Ferrari Recalls Almost Every Car Built Since 2005


Most people dream about owning a Ferrari one day but the brand is currently in some hot water. Almost 25,000 of the luxury Italian cars have been recalled over brake issues. With this announcement, the brand’s reputation for reliability and quality Italian engineering is sure to take a hit.

A Ferrari’s average top speed can reach upwards of 200 mph, which is why it’s important for the brakes to be in good working condition if a sudden stoppage needed to occur. According to a report by the National Highway Traffic Safety Administration (NHTSA), the brake issues date back to 2005.

As a result, Ferrari has recalled a total of 23,555 cars, which is nearly every vehicle the Italian car maker has crafted over the last 17 years.

According to the NHTSA report, Ferrari has identified a fault in its car’s brake fluid reservoir cap otherwise known as the container that houses your car’s brake fluid. When pressing the brake pedal, the pressure changes in the brake lines and causes the fluid to press down on your car’s brake pads. These squeeze down on the brake rotors attached to your tires, which makes your car slow down.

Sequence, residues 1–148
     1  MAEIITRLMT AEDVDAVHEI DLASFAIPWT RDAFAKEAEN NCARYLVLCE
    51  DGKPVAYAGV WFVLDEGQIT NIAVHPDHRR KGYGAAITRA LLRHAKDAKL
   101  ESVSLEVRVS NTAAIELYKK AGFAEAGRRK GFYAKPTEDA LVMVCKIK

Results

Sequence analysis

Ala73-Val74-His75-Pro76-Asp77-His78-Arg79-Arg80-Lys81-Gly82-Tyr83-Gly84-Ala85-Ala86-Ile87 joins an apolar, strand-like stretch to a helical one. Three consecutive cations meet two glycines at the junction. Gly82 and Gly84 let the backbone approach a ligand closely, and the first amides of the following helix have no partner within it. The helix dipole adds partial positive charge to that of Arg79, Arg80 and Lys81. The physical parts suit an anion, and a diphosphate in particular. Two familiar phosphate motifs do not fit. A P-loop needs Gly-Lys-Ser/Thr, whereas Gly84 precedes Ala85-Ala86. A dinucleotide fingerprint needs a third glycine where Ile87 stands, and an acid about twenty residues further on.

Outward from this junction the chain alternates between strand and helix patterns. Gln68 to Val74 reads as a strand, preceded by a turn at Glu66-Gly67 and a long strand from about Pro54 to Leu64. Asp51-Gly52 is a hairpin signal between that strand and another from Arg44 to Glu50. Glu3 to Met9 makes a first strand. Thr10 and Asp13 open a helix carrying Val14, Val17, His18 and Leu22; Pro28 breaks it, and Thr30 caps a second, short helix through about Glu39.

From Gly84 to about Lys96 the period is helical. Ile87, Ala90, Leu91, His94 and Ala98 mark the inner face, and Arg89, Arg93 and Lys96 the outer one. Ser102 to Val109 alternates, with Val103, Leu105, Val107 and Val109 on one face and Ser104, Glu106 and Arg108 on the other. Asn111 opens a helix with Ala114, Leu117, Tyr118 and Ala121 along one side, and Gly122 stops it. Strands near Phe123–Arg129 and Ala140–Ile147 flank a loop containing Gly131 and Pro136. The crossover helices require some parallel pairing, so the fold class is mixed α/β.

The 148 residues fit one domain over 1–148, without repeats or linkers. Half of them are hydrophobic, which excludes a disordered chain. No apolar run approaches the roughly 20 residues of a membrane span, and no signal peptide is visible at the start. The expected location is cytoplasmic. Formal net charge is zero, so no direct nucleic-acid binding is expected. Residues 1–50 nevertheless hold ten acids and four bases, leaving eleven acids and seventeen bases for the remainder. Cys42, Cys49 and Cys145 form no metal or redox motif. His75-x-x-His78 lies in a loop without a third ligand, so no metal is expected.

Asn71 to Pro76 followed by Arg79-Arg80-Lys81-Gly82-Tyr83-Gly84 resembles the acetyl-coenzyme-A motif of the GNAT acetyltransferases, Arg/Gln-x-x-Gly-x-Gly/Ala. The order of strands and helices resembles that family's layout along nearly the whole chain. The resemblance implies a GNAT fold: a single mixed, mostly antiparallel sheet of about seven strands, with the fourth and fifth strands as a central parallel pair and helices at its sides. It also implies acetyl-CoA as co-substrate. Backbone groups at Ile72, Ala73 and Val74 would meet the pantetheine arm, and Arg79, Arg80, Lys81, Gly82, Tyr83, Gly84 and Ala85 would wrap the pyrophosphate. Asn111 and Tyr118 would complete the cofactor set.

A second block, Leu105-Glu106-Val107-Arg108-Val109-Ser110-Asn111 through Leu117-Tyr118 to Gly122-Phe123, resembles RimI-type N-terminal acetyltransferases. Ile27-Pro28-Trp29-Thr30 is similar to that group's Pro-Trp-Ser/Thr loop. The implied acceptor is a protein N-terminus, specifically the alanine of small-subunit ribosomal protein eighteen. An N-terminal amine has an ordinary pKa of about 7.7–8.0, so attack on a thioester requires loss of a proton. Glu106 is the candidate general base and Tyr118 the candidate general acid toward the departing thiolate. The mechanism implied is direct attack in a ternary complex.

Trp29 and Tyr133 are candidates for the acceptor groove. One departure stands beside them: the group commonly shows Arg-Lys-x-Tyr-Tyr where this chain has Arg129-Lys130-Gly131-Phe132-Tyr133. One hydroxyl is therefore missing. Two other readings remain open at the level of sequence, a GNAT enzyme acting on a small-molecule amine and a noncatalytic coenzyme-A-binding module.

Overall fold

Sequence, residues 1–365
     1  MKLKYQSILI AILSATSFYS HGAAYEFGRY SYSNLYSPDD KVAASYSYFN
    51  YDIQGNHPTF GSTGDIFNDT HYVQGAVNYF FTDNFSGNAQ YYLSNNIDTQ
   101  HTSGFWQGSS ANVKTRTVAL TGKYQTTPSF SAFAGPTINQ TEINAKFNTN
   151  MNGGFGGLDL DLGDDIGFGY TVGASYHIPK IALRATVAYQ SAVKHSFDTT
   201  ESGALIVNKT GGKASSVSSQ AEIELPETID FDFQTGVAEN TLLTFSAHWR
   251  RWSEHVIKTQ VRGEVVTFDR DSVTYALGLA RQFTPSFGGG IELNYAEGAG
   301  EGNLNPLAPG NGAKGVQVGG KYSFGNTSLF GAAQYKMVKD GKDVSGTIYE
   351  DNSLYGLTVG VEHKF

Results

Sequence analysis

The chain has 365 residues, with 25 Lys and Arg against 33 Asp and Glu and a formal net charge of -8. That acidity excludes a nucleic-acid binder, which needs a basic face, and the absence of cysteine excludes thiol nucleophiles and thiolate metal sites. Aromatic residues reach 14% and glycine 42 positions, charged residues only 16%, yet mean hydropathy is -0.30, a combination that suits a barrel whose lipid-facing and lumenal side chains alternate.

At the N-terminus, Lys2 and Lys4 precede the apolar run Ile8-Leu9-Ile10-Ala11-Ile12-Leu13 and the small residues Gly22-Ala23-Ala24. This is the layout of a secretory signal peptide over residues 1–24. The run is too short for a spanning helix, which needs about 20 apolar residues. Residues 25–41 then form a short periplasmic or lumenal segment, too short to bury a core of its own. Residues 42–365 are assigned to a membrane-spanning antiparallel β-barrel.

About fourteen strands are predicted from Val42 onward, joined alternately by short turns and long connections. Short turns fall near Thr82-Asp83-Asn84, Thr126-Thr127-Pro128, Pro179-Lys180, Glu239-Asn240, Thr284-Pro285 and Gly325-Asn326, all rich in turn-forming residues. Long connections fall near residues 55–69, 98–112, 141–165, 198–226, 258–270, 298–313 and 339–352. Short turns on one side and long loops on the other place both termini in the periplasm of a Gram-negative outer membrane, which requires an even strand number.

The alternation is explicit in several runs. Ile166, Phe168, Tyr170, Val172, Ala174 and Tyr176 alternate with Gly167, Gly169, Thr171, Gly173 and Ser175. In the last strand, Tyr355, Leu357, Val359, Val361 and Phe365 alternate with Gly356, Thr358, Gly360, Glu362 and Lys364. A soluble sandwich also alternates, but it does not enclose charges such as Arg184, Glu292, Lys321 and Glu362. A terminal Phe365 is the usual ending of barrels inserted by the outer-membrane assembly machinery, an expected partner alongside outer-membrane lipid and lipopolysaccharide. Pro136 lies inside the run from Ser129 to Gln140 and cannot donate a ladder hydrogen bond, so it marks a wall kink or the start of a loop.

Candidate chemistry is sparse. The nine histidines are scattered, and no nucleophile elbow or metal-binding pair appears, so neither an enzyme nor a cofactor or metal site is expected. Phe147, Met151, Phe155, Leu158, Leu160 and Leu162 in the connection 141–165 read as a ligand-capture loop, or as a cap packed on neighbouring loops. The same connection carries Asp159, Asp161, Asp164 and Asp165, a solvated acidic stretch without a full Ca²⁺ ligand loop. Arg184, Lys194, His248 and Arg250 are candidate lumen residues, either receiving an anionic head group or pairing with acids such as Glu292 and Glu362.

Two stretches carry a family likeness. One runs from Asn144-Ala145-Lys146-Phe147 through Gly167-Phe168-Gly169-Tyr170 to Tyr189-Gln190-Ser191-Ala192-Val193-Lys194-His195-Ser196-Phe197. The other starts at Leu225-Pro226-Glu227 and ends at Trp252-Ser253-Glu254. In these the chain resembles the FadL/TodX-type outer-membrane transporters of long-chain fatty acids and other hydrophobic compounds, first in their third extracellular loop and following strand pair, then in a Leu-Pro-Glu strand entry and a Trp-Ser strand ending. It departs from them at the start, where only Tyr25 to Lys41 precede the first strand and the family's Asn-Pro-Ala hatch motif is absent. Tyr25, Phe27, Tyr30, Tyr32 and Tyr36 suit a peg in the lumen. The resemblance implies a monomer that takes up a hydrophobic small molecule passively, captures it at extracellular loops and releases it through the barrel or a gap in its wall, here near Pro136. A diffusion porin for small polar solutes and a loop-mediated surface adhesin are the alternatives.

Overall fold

Apparently, the Ferrari’s brake fluid cap may not vent properly, meaning a vacuum can form in the reservoir and brake fluid can start leaking out. The brakes will become far less effective if they even work at all.

“Upon total loss of brake fluid, the vehicle would lose braking capability, which may result in injury or death to vehicle occupants,” the NHTSA said.

Thankfully for Ferrari and owners of the Italian sports cars, it’s estimated that only one percent of the total 23,555 recalled cars have the faulty fluid cap. On the other hand, there’s no way of telling whether or not any specific vehicle suffers from the problem.

Ferrari is now fixing the issue to keep drivers safe. The problem is relatively easy to fix as Ferrari will provide you with a new, non-defective fluid cap. They’ll also recalibrate the car’s software so the car will give off earlier warnings if fluid levels start falling. Just about 17 years too late.


Related Content